Wednesday, August 18, 2010

Visualizing assessment

Emily Kissner wrote this amazing book: The Forest And The Trees. She has a great visualizing lesson that I will share with you:
There was a spooky house on Erin's street. It was made out of brick and seemed to tower over everything else. The crumbling chimney looked as if it was about to fall on the sagging roof. Shutters hung by their hinges next to the second-floor windows, which had tattered curtains hanging in them. The porch looked like it would fall down at any moment. Erin stared at the weedy, overgrown walkway and the bushes that clustered around the front door. She couldn't imagine being brave enough to walk inside. But there was one thing that seemed out of place. The doorbell was bright and shiny, as if it were brand-new.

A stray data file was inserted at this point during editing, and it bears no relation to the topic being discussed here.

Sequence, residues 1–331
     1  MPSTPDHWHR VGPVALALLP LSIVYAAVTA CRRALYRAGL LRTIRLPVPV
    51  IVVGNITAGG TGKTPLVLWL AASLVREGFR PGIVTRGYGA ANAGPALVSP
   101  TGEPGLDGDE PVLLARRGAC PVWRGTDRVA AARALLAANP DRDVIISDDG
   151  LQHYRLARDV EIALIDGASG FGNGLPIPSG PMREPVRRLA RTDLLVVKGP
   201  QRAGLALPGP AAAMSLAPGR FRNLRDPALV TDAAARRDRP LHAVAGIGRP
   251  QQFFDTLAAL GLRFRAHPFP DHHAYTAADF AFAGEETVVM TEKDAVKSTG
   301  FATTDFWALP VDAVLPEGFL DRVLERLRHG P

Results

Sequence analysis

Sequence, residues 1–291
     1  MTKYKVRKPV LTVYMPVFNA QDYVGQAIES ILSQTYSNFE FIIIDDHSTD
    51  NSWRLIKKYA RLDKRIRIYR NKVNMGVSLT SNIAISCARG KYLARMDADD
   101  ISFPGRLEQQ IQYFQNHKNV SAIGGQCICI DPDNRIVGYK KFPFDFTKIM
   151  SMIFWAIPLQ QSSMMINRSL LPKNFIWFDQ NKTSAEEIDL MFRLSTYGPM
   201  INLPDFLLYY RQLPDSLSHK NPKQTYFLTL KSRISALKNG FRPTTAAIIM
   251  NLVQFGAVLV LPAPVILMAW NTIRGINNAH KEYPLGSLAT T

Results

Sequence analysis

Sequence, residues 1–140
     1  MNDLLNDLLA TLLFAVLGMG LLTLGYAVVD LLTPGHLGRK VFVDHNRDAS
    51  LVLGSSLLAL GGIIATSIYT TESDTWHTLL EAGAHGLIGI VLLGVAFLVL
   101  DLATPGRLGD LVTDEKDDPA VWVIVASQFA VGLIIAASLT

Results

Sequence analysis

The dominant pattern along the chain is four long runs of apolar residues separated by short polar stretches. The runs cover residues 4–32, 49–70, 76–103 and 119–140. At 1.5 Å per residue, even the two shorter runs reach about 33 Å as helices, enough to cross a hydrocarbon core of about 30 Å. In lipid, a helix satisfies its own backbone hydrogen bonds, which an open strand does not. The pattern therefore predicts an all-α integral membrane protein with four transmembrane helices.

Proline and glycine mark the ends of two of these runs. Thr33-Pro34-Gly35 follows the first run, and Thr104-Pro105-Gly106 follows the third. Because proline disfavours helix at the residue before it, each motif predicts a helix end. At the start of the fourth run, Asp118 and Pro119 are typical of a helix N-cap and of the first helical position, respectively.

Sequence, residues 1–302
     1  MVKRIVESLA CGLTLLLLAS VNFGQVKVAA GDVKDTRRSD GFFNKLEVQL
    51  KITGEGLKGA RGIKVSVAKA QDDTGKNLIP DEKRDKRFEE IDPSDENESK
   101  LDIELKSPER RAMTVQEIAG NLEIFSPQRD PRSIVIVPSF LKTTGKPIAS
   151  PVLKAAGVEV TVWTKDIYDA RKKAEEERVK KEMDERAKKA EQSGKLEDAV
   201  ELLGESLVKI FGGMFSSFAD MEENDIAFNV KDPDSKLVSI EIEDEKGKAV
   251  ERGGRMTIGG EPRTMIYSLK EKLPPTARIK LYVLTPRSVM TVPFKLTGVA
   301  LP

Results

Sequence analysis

The directions are to draw a picture of the scene described. This is not a test of your artistic skills.

I have the children draw this scene without any further explanation. (colored pencils are best) After I have them "grade" each others picture according to a checklist which gives everything a point value. For example:
  1. crumbling chimney 1 point
  2. tattered curtains 1 point
and so on. At the end of the checklist I have written: critical detail: 10 points! This activity really helps you understand how well children visualize when they read. It also lends itself to talking about questioning and inferring. The critical detail is the bright shiny doorbell. Why would a house in such disrepair have a "new" doorbell? (questioning) Hmmm, maybe this house is not what it appears to be (inferring). Some children miss the critical detail entirely. It is important to have them reflect about why they missed it. Christine

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